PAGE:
Suit over U.S. stop for Arabic flashcards tossed
Nicholas George was found carrying Arabic language flashcards that included the words “bomb” and “terrorist”
A former college student who was detained for several hours at an airport after he was found carrying Arabic language flashcards that included the words “bomb” and “terrorist” had his bid to sue federal agents rejected by a U.S. appeals court.
Nicholas George sought to sue three Transportation Security Administration agents and two FBI agents over the Aug. 2009 stop at Philadelphia International Airport, saying they violated his free speech rights and conducted an improper search and arrest based on the flashcards and a book critical of American policy in the Middle East.
A district judge rejected the agents’ assertion of immunity, but the 3rd U.S. Circuit Court of Appeals overturned that ruling in a decision issued Tuesday.
George was returning from his home in a Philadelphia suburb to Pomona College in California, where he was studying Arabic, when TSA agents saw the words “bomb” and “terrorist” among his flashcards and called police. George was detained for nearly five hours, two of them in handcuffs in a city police station at the airport.
Chief Judge Theodore McKee, writing for the three-judge panel, said George clearly had the right to possess and use such flashcards and the book and called the detention by the TSA officials “at the outer boundary” of constitutional protections against unreasonable search and seizure. But he said the agents were justified in detaining George briefly to investigate.
“It is simply not reasonable to require TSA officials to turn a blind eye to someone trying to board an airplane carrying Arabic-English flashcards with words such as “bomb,” ‘‘to kill,” etc.,” he wrote. “Rather, basic common sense would allow those officials to take reasonable and minimally intrusive steps to inquire into the potential passenger’s motivations.”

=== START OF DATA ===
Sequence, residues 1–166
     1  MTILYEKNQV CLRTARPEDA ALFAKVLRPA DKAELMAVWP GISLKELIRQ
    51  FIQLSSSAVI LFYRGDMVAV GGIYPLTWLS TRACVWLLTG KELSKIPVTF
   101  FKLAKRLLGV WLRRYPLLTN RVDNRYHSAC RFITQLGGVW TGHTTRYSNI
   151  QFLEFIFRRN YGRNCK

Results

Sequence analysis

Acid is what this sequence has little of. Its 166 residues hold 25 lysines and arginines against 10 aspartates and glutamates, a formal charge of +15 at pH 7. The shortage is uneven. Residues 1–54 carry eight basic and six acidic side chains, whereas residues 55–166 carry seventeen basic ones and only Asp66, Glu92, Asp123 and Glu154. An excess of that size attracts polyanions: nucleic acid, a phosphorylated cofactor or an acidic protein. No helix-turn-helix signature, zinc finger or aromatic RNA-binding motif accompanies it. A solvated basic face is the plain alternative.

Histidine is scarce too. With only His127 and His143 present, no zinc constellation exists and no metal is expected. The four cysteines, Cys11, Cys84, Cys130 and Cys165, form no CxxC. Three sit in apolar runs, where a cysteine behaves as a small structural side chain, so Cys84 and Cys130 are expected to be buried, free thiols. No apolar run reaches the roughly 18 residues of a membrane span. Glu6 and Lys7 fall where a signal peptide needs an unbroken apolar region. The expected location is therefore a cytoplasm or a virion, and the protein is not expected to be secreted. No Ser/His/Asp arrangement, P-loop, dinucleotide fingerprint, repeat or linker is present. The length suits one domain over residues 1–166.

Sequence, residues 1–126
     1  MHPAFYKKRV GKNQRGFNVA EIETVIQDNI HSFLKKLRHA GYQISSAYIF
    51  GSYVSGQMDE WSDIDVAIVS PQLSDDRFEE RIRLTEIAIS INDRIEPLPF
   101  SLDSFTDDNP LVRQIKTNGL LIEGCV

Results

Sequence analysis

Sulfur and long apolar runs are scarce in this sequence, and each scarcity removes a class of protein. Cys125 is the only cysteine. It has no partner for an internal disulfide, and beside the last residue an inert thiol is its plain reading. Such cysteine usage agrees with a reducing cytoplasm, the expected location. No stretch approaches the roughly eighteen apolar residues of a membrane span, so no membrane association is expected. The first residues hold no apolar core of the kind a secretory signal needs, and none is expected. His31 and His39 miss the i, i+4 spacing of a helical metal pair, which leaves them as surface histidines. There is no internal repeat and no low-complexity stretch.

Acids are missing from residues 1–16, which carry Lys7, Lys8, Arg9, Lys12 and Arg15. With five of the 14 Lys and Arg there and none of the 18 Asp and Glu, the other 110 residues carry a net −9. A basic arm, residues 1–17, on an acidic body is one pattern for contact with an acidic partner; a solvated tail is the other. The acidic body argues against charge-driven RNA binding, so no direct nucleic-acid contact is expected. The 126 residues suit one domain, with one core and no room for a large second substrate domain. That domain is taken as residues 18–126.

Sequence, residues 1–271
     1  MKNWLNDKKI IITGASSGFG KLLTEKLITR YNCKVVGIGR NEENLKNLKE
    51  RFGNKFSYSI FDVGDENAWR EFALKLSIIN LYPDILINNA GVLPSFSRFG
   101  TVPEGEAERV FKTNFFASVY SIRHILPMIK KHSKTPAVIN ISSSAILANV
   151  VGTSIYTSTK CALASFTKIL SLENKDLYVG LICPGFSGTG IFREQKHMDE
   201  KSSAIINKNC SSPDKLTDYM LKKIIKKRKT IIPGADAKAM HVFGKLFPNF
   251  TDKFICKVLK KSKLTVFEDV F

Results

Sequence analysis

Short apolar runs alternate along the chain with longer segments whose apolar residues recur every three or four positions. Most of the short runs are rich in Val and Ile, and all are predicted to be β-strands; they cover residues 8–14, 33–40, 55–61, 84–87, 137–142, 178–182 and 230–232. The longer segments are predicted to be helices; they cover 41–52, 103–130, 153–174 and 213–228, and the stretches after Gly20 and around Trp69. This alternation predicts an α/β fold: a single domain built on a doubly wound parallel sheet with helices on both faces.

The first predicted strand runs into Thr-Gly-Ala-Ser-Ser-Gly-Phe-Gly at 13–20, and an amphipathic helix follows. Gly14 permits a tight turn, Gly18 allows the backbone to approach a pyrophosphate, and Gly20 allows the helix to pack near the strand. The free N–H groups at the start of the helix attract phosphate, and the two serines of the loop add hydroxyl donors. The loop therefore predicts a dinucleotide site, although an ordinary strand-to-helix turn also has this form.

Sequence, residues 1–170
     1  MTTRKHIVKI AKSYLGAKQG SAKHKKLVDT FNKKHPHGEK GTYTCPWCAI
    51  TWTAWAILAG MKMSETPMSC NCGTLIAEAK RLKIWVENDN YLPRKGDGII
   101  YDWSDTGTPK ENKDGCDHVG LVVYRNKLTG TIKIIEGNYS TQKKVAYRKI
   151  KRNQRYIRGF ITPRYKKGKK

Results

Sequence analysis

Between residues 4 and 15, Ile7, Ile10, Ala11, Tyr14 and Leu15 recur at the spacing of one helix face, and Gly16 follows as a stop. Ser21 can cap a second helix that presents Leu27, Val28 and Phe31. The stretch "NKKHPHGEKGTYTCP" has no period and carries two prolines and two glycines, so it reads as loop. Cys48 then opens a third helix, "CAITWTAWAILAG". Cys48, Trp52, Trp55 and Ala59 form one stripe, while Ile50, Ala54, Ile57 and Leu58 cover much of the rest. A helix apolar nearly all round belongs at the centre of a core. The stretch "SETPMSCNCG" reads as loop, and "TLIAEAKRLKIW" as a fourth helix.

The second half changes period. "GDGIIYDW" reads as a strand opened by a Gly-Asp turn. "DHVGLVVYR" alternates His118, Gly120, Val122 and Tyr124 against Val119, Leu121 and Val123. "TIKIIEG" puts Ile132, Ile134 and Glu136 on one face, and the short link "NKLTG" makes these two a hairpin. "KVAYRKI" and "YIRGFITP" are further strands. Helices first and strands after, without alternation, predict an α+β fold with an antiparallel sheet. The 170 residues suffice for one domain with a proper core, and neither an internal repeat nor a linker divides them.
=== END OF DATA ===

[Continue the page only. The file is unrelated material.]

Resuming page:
In arguments in federal court in Oct. 2012, the American Civil Liberties Union, representing George, said the search should have ended when it was clear George wasn’t carrying any weapons or explosives. The appeals court acknowledged that “much of the concern dissipated” after George was found to be unarmed but that didn’t mean further inquiry was unwarranted.
“Suspicion remained, and that suspicion was objectively reasonable given the realities and perils of air passenger safety,” the decision said. “In a world where air passenger safety must contend with such nuanced threats as attempts to convert underwear into bombs and shoes into incendiary devices, we think that the brief detention that followed the initial administrative search of George was reasonable.”
George was then detained for a longer period and handcuffed by Philadelphia police before his release following questioning by the FBI agents, but the court said the federal officials played no role in those actions.
American Civil Liberties Union attorney Benjamin Wizner called the decision perplexing, saying it didn’t explain how a college student’s possession of Arabic-English flash cards could give rise to any suspicion, much less reasonable suspicion.
“Were they saying that he needed those flash cards to try to hijack the plane in Arabic? Because he presumably knew how to do that in English,” Wizner said Wednesday.
Wizner said the legal team hadn’t yet had a chance to confer, but the decision could be appealed to the full 3rd Circuit or to the U.S. Supreme Court. He also said it didn’t affect pending legal action against Philadelphia police or the U.S. government.